“A few years ago, there was a shining moment in that struggle. It seemed as if there was a real promise of hope for the poor. Through the poverty program there were experiments, hopes, new beginnings, then came the build up in Vietnam. I watched this program broken and eviscerated. As if it was some idle plaything of a society gone mad on war. I knew that America would never invest the necessary funds or energy in rehabilitation of its poor so long as ventures like Vietnam continued to draw men and skills and money like some demonic destructive suction tube. So I was increasingly compelled to see war as an enemy of the poor and to attack it as such.”Rev. Dr. Martin Luther King Jr., “Beyond Vietnam” (1967)
We are living in a time of great contradiction. On one hand, we are living in a nation that has an abundance of resources capable of meeting the needs of everyday people and addressing the widespread and systemic injustices that exist. At the same time, we know there are 140 million people who are poor, or one emergency away, one paycheck away, or one healthcare crisis away from being poor. While everyday people are facing the harsh repercussions of a global pandemic alongside an economic and political crisis, those at the top have seen massive gains. Between March and October of 2020, nearly 67 million people lost work. By the end of the year, one in five adults with children reported that, at times, they didn’t have enough to eat, while one in five renters were behind on their payments and faced the threat of eviction during the winter months of a still rampant virus. At the same time, the wealth of America’s 651 billionaires increased by more than $1 trillion to a total of about $4 trillion.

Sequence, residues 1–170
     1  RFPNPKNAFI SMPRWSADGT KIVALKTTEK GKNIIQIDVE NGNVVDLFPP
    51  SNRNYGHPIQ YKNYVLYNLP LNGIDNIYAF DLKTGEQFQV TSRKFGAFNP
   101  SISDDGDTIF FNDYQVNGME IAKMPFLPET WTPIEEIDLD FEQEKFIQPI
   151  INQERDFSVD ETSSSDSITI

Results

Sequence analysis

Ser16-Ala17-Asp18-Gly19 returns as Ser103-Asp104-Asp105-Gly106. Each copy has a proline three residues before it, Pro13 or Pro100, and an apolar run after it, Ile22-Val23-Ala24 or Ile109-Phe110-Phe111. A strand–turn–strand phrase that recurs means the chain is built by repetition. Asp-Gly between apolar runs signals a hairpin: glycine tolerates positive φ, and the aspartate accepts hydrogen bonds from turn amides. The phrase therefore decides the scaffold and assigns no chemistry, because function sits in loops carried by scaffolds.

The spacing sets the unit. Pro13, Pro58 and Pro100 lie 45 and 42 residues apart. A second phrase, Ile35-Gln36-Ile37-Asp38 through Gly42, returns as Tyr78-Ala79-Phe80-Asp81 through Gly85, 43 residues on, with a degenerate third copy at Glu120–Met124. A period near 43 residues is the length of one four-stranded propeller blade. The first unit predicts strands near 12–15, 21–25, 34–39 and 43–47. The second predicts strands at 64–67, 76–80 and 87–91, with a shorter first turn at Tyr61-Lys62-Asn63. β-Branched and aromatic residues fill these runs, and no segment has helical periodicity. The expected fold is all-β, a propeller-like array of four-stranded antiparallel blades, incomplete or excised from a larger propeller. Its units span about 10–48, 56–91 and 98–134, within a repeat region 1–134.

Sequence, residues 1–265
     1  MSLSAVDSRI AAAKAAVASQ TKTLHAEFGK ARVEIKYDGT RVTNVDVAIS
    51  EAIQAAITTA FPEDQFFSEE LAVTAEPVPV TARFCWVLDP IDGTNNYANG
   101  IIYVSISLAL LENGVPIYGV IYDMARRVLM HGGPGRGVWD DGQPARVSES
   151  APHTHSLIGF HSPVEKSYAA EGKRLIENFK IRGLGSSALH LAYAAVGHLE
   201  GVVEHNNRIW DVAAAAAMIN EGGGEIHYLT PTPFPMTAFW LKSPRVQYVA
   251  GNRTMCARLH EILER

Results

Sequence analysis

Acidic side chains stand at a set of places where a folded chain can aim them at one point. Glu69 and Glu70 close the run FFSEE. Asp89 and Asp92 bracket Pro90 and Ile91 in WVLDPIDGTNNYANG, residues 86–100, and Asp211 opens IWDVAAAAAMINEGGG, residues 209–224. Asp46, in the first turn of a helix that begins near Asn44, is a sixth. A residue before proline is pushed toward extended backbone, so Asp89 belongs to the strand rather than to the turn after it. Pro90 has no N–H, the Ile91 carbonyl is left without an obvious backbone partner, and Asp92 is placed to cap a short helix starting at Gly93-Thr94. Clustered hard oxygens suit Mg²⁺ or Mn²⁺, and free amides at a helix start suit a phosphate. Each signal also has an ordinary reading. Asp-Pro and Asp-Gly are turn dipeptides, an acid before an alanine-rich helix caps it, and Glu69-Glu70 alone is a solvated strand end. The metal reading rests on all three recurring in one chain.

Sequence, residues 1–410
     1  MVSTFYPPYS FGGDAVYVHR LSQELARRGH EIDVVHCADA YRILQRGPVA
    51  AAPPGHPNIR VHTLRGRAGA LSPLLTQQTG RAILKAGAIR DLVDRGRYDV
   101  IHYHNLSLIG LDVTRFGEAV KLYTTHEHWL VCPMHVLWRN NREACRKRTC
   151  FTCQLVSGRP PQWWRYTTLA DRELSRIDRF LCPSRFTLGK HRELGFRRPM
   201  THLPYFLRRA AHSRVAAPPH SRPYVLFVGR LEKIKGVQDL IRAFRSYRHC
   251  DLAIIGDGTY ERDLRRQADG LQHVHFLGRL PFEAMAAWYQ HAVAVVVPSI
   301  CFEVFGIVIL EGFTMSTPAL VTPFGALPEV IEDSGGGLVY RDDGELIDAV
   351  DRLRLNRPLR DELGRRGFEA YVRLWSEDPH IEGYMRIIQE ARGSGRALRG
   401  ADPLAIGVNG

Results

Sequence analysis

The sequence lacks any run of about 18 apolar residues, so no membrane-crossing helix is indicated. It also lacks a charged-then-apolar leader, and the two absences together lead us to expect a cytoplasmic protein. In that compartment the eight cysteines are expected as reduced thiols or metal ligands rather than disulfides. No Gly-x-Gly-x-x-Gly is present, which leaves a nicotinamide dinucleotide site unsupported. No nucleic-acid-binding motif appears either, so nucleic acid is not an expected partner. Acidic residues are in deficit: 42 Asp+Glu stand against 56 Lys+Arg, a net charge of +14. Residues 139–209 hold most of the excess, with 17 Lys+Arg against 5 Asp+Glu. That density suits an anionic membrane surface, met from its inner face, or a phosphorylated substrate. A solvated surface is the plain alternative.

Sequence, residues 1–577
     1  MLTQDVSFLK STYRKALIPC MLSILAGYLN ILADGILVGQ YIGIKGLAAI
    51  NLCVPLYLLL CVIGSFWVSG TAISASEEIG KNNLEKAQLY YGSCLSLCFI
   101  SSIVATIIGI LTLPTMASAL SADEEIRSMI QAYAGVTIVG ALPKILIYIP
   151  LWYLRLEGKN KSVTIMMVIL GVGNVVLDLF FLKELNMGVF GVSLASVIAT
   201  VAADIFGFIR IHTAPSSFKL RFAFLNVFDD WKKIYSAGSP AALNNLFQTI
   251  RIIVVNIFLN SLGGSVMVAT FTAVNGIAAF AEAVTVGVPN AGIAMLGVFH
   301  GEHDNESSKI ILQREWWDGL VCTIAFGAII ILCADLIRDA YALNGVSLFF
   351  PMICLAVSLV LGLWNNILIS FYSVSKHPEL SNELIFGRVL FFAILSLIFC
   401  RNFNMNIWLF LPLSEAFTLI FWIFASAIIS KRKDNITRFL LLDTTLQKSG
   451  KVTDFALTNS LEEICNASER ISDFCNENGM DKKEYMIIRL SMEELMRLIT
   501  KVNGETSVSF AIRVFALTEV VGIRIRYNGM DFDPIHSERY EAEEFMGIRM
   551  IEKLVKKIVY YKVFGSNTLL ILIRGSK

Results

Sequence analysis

The vast inequality we are currently experiencing challenges popular narratives that blame the poor for our poverty. Poverty and inequality are caused by economic and political structures, immoral policies, and immoral budgets. The crises we currently face are revealing these contradictions and move us to challenge the priorities this country has set forth to provide for the true common defense of our people.
Dr. King reminds us that, “I am convinced that if we are to get on the right side of the world revolution, we as a nation must undergo a radical revolution of values. We must rapidly begin to shift from a “thing-oriented” society to a “person-centered” society. When machines and computers, profit motives and property rights are considered more important than people, the giant triplets of racism, materialism, and militarism are incapable of being conquered. . . . A nation that continues year after year to spend more money on military defense than on programs of social uplift is approaching spiritual death.”